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Weekend miscellany

  • Just when you think a killer cop might actually get something more than a slap on the wrist …
  • There are Nepalese soldiers? In Haiti??? This has nothing to do with the earthquake. But possibly everything to do with the cholera outbreak that’s sickened thousands and killed hundreds. The world. It’s a very strange place. Nepalese “peacekeepers.” In Haiti.
  • But the world can be a strangely moving place. What sweet people.
  • Hm. You don’t really suppose execs at MSNBC thought Keith Olbermann was unbiased, do you?
  • This is the way some libertarians think the Internet should operate. Uh uh. Not me. No thanks. (But LOL, the pirating editor in question not only misspells the name of one of her own publications (shouldn’t that be Housatonic, not Housitonic?), but the “corrections” she made to the article she stole were apparently total bloopers.)
  • C^2 sends along this insider’s article on the late, unlamented census. And you wonder why people think fedgov representatives are arrogant, untrustworthy, and to be avoided by all sane & sensible people?
  • I don’t suppose there are really any big revelations in the new study on libertarian morality. (The biggest surprise is that somebody actually did such a study.) Still … interesting and sometimes uncomfortably familiar.
  • Blog-reader Mark has gone out and made one of the world’s only non-boring Facebook pages. Boycott Flying. Filled with links about the TSA’s porno-scanners and hands-on sexual molestation. Great example of how little grains of sand begin to pile up — and can eventually bury an empire. One person’s idea sparks another, which sparks another, which leads to action, which … well, you know. Here’s another example — found via Mark’s excellent new page.


  1. Kent McManigal
    Kent McManigal November 5, 2010 10:39 pm

    I’m so proud to be a part of the “hard resistant core of census dodgers”. 😉

    And that study on libertarian morality pegged me pretty well, too. I do think I love others, but maybe not as much as some of the more needy people I know do.

  2. Pat
    Pat November 6, 2010 4:24 am

    And maybe libertarians choose the ones they love for different reasons than do liberals and conservatives. Their criteria for judging the object of their love may not be the traditional evaluation that liberals and conservatives put on love.

    I get the feeling the results of this study were inevitable — not necessarily because of what libertarians believe, but because they were chosen in the first place. Why not compare all “Independents”, or, say, the Green Party? Or the Socialist Party — that would make an interesting comparison between liberals ans conservatives — they might not find much difference. For that matter, when are the authors going to do a study between the morality of Christians, Jews, and Muslims?

    Granted there’s much overlapping in morality and the politics one chooses — nevertheless, I kind of resent them lumping the two together. I guess what I’m saying is I don’t consider libertarianism to be a _political_ position at all; if one believes in ZAP (the Zero Aggression Principle ), that pretty much eliminates all political persuasion from morality.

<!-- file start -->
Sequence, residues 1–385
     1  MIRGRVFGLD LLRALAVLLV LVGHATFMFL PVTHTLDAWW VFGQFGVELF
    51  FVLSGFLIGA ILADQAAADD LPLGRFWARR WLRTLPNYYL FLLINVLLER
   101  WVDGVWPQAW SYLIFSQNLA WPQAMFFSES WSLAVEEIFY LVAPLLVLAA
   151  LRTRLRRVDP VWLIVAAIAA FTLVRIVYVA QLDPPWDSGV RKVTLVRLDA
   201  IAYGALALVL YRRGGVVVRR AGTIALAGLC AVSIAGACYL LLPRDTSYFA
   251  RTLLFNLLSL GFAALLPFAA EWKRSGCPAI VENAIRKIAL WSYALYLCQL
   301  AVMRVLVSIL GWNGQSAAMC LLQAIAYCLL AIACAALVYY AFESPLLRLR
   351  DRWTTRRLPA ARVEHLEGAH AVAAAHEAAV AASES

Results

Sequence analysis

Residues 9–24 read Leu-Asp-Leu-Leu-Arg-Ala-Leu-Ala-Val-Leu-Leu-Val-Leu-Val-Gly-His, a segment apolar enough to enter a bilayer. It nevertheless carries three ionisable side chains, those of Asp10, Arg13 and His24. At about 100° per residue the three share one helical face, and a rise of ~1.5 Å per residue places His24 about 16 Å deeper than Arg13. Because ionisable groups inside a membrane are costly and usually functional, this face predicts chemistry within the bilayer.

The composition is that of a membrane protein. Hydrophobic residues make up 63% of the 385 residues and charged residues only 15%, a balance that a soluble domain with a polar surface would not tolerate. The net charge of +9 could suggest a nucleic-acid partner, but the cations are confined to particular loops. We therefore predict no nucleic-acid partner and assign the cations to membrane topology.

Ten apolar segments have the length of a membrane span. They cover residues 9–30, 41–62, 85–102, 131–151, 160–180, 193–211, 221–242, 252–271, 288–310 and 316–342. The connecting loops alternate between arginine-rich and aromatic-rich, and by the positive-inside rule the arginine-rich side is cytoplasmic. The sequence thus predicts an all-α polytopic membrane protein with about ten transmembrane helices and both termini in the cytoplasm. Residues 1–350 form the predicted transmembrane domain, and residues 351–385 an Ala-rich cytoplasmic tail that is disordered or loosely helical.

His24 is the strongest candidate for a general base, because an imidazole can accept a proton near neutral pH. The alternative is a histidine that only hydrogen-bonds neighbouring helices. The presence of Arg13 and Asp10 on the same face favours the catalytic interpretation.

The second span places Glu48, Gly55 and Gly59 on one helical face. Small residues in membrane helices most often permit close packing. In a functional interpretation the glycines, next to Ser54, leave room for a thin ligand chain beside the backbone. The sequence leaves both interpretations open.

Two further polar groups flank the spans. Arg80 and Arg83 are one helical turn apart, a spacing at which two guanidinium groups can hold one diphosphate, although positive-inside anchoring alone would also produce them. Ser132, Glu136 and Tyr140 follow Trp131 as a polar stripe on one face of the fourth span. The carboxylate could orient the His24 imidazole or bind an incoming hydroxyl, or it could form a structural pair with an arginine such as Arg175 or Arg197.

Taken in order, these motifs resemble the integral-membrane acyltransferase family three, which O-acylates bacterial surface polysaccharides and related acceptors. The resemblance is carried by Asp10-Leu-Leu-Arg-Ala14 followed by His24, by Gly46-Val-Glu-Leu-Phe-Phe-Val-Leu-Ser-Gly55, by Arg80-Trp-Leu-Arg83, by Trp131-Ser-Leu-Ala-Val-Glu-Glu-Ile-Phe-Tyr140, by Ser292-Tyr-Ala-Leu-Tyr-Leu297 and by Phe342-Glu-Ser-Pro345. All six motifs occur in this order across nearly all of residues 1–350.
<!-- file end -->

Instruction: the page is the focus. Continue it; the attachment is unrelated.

3. Claire
    Claire November 6, 2010 7:04 am

    Kent, I thought hard about that part of the study, too. I have loved people very deeply in my life, but seemingly in a different way than many others do. “Love” for so many people means hanging in there long after relationships have gone bad, staying through abuse or contempt or neglect, staying out of neediness (as you note). I always feel I’d rather be on my own than be in a bad relationship, whether with family or friend or lover. So I find it … well, not exactly easy to leave. But practical and sensible to do so in situations where others might doggedly stay.

  4. Capt Gooch
    Capt Gooch November 6, 2010 7:04 pm

    That last sentence in the Morality Paper is worth its weight in …
    hmmm … Apricots ?

    “Liberals and conservatives may love people more than do libertarians, but love of liberty is what leads to true moral and economic progress.”

    And the sentence before that one was a pretty good explanatory statement as well.
    Thanks for the links Claire.

    capt gooch

  5. Mark
    Mark November 7, 2010 7:25 am

    Thanks for the mention of my “Boycott Flying” Facebook page, Claire! We’re slowly but surely gathering up some kindred souls. And I’m sure there are going to be a LOT more to come, once more people discover what’s in store for them at the airport.

  6. naturegirl
    naturegirl November 7, 2010 10:10 pm

    Oh dear, if they did a study on it does that mean it’s a new fad?


  7. Scott
    Scott November 8, 2010 10:22 am

    On the pornoscanners-a coworker recently went on a flight,and I asked if he got the scanner. He did. According to him, people were randomly selected(mental image-random selection looks like tryouts for Girls Gone Wild),and, all told, it sounds like the scanners used in The Fifth Element(“put you hands and feet in the circles”-the image I have for this is the pornoscanner operators looking like the cops in that movie). His comments about the process wouldn’t be considered a compliment,let’s put it that way.
    Several coworkers(about a third of the people where I work) claim they never filled out the census-with absolutely no consequence(so far). No one came pounding on the door,or anything. Some lived in town, most were rural. Are certain states targeted? Kinda makes you wonder..

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